- Try London Nootropics for their delicious coffee blends which make use of the highest quality natural nootropics from around the world. What are these? Nootropics are natural brain boosters (banish that menopausal brain fog!), being known to enhance memory, focus, motivation and verbal fluency. These nootropics have adaptogenic properties, meaning they help your mind and body adapt to physical, mental and emotional stressors and find balance – cuppa anyone? Oh, and we have teamed up with these lovely people to secure you a 10% discount – just pop in the code ‘nourished’ at their checkout!
Symptom 7: Skin Issues
What about the less common symtoms?
What about Postmenopause?
To HRT or Not to HRT
In fact, studies show the body-identical HRT- now favoured by the NHS and menopause specialists - actually shows positive effects on preventing age-related deterioration of the brain after hormones drain away and many argue that even without symptoms, all menopausal women should be taking HRT to protect their future health from things like osteoporosis, dementia and heart disease.
HRT generally works effectively to relieve the symptoms of perimenopause and menopause by replacing the oestrogen which your body stops making at this time – it readdresses the hormone fluctuation that have been giving rise to all the symptoms and issues we have mentioned. Some types of HRT also contain progesterone and you can also take testosterone if you need to.
For more current information surrounding HRT, follow the menopause doctor on Instagram.
HRT isn’t for me - what are the alternatives?
- CBT – a type of talking therapy that can help with low mood and anxiety. Find more info HERE
- A diet rich in calcium and vitamin D
- Gabapentin or Clonidine for hot flushes
- St John’s wort for hot flushes and night sweats - for more info see HERE
- Red clover plant supplement for mimicking oestrogen - click HERE for further info
- A diet rich in phytoestrogens - naturally occurring plant compounds that mimic the effects of oestrogen in the body . Examples are: soy products, tofu, flaxseeds, sesame seeds, linseed, beans.
- One of our ladies also swears by evening primrose and starflower oil for calming hormones
It's a Skin Thing...
A well documented symptom of menopause is the onset of skin problems. In our HBB poll, you ranked skin frustrations as one of your top three concerns during the menopause, which isn’t surprising given that as expert dermatologist Joshua Zeichner explains, “Oestrogen is pretty much everything. Not only does the hormone fuel all things, but it also supports healthy skin functioning.
So, when oestrogen levels plummet during menopause, skin can’t protect itself, maintain hydration, or produce strong collagen the way it once could.” This is something we can help with here at HBB, so, read on to find out how to get your glow back!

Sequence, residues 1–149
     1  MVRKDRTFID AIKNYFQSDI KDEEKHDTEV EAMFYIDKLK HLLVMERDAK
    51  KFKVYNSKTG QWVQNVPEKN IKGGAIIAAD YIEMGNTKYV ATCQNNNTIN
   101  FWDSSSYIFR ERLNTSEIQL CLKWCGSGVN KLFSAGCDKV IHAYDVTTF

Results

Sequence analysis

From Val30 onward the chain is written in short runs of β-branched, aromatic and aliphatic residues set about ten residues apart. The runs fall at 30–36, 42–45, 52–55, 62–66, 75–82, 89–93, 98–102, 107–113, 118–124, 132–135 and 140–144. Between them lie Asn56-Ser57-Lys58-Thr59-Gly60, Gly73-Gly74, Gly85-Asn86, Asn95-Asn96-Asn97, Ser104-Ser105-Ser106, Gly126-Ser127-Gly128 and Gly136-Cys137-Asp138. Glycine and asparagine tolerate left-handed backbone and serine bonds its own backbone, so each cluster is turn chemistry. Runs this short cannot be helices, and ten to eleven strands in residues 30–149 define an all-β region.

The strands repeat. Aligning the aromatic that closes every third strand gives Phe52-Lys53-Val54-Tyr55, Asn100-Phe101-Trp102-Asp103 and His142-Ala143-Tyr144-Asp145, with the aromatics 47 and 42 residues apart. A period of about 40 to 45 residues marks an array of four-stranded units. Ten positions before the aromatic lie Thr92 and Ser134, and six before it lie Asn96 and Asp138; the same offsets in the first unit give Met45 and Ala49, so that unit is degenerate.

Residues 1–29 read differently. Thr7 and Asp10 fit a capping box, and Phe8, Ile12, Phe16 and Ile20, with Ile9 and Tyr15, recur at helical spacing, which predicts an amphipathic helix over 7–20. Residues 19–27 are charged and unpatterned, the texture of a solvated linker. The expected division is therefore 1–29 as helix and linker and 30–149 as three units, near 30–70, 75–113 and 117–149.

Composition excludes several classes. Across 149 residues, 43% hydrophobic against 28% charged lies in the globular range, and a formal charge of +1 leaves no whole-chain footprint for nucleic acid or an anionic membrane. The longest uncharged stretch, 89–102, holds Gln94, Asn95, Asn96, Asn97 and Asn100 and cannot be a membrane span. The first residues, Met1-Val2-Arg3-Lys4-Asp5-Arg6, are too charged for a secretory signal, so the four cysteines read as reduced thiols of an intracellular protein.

Does this sound like what your skin is going through? You are not alone! In fact, a recent survey of 3,875 menopausal women over 40 showed that 36.2% suffered from extremely dry skin.
Perimenpause and menopause signal a decrease in the production of sebum so protecting the skin barrier and stopping moisture loss is critical. Avoid skincare with harsh chemicals that further strip the skin of moisture and invest in products that contain natural humectants that will provide the dual action of sealing in moisture and drawing moisture in from the air.
Did you know beeswax and raw honey are naturally excellent humectants to nourish and protect your skin? Check out our best-selling Bumble Bee face cream for dry skin which is packed full of these humectants - beeswax, raw honey- and omega rich rapeseed oil to help minimise the signs of ageing caused by decreased level of skin fatty acids during menopause which are responsible for flexibility and skin barrier functioning.
Consider gently sloughing away dead skin and encouraging skin renewal by using a natural, deeply exfoliating and moisturising hand scrub such as our Garden Bee scrub. For cracked skin follow up with our naturally antibacterial, soothing Garden bee balm containing raw honey, pure beeswax and the healing hero bee propolis.
For extra nourishment before bed use a natural, easily absorbed Honey Bee hand cream followed by a smoothing of calming, cooling Sleepy Bee balm
Common complaints during menopause according to dermatologist Ronald May are “bags under the eyes and sagging neck skin”
To tackle fine lines and puffy under eyes natural skincare guru and formulator Lisa Lise recommends trying rice bran oil as its jam packed with anti ageing and anti -puffiness goodness of omega-6, omega-9 , co-enzymes Q10 for anti ageing action making it a natural free radical fighting ingredient.
For improving sagging neck skin the natural way you could try our
For an all natural spritz option have a look at our Bumble Bee facial mist with brightening, refreshing organic orange flower water and aloe vera to soothe and depuff hot skin. Try popping it in the fridge for an extra cooling treatment!